Colin Brinsden, AAP Economics and Business Correspondent
(Australian Associated Press)
The Reserve Bank of Australia left the official cash rate at a record low 0.1 per cent following its monthly board meeting, as widely anticipated by economists.
Central bank governor Philip Lowe reiterated the cash rate will not be increased until inflation is sustainably within the two to three per cent target range, saying such conditions will not be met before 2024.
“The Delta outbreak has interrupted the recovery of the Australian economy and GDP is expected to have declined materially in the September quarter,” Dr Lowe said.
“This setback to the economic expansion in Australia is expected to be only temporary. As vaccination rates increase further and restrictions are eased, the economy is expected to bounce back.”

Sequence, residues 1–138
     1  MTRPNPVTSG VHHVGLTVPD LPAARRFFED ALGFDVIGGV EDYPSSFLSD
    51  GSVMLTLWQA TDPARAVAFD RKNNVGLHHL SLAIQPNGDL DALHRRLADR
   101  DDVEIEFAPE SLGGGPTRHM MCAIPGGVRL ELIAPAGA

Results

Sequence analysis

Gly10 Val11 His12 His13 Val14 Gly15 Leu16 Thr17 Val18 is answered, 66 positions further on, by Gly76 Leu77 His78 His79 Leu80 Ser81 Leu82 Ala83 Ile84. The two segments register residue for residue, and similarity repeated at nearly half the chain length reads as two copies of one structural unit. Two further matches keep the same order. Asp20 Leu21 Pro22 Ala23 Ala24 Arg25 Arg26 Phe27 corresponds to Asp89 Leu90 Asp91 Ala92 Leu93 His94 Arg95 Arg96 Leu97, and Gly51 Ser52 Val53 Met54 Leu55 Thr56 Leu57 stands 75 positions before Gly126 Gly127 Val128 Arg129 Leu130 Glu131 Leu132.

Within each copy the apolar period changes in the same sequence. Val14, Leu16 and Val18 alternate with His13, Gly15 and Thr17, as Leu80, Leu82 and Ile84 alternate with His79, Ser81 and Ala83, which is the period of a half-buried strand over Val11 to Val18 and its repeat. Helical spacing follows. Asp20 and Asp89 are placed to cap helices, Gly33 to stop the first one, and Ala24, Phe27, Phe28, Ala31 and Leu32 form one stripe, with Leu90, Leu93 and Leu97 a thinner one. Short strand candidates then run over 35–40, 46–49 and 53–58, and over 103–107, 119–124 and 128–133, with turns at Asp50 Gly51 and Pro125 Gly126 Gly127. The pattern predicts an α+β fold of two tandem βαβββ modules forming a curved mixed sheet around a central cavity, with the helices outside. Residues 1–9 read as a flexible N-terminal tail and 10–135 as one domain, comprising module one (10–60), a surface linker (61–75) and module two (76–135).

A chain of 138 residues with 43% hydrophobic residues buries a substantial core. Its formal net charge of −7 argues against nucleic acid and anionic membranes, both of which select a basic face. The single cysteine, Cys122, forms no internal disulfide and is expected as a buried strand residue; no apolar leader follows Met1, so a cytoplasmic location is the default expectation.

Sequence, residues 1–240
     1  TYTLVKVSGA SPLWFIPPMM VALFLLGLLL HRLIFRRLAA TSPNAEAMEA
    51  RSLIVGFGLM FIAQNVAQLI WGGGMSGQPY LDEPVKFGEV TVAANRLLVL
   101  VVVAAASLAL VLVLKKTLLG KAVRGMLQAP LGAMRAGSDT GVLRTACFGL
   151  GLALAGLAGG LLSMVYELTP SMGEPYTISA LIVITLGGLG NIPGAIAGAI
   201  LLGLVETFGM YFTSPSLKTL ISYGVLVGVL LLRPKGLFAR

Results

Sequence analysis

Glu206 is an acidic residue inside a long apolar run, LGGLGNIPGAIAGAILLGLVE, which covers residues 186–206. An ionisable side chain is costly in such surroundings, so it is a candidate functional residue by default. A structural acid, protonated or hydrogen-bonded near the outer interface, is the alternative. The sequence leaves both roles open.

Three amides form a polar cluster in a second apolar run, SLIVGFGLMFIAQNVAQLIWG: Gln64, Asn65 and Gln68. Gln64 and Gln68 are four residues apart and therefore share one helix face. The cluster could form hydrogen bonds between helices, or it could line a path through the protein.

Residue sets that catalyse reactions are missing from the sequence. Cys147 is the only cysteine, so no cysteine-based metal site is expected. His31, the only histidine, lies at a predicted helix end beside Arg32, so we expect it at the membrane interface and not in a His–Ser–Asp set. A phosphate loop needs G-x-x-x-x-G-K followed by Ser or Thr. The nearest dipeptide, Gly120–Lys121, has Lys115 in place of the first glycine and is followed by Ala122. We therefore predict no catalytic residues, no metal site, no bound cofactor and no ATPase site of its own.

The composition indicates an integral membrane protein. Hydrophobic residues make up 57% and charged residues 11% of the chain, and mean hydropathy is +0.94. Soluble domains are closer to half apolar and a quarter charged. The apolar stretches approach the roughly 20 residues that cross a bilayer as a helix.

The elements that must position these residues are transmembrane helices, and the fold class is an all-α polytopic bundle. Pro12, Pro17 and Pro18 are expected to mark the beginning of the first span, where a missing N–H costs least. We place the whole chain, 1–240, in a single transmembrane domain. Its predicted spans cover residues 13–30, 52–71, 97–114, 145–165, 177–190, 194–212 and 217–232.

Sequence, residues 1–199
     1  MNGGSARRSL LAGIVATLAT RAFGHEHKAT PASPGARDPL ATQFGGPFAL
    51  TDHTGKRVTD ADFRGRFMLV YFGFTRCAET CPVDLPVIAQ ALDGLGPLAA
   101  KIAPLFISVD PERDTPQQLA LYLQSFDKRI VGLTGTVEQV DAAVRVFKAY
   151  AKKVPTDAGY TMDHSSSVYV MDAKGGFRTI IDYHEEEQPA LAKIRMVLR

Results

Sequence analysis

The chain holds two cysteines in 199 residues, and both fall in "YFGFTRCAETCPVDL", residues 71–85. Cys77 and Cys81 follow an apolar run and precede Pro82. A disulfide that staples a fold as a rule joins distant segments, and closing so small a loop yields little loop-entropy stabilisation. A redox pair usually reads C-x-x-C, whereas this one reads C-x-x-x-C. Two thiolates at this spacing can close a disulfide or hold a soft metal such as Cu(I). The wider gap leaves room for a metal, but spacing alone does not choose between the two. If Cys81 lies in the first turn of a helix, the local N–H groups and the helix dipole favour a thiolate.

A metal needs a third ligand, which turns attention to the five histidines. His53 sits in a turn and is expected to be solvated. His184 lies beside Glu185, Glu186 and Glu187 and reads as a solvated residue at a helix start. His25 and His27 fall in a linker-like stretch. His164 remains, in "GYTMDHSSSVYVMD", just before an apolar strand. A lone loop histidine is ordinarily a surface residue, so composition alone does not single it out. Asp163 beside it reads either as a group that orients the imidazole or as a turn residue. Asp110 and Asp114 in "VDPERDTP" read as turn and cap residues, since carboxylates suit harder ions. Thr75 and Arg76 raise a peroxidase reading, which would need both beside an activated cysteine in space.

However, he said there is uncertainty about the timing and pace of the bounce-back and it is likely to be slower than that earlier in the year.
“In our central scenario, the economy will be growing again in the December quarter and is expected to be back around its pre-Delta path in the second half of next year,” Dr Lowe said.
Among its policy toolkit, the RBA will continue to target the April 2024 government bond yield at 0.1 per cent, while buying bonds at a rate of $4 billion a week until at least February 2022 with the aim of keeping market interest rates and borrowing costs low.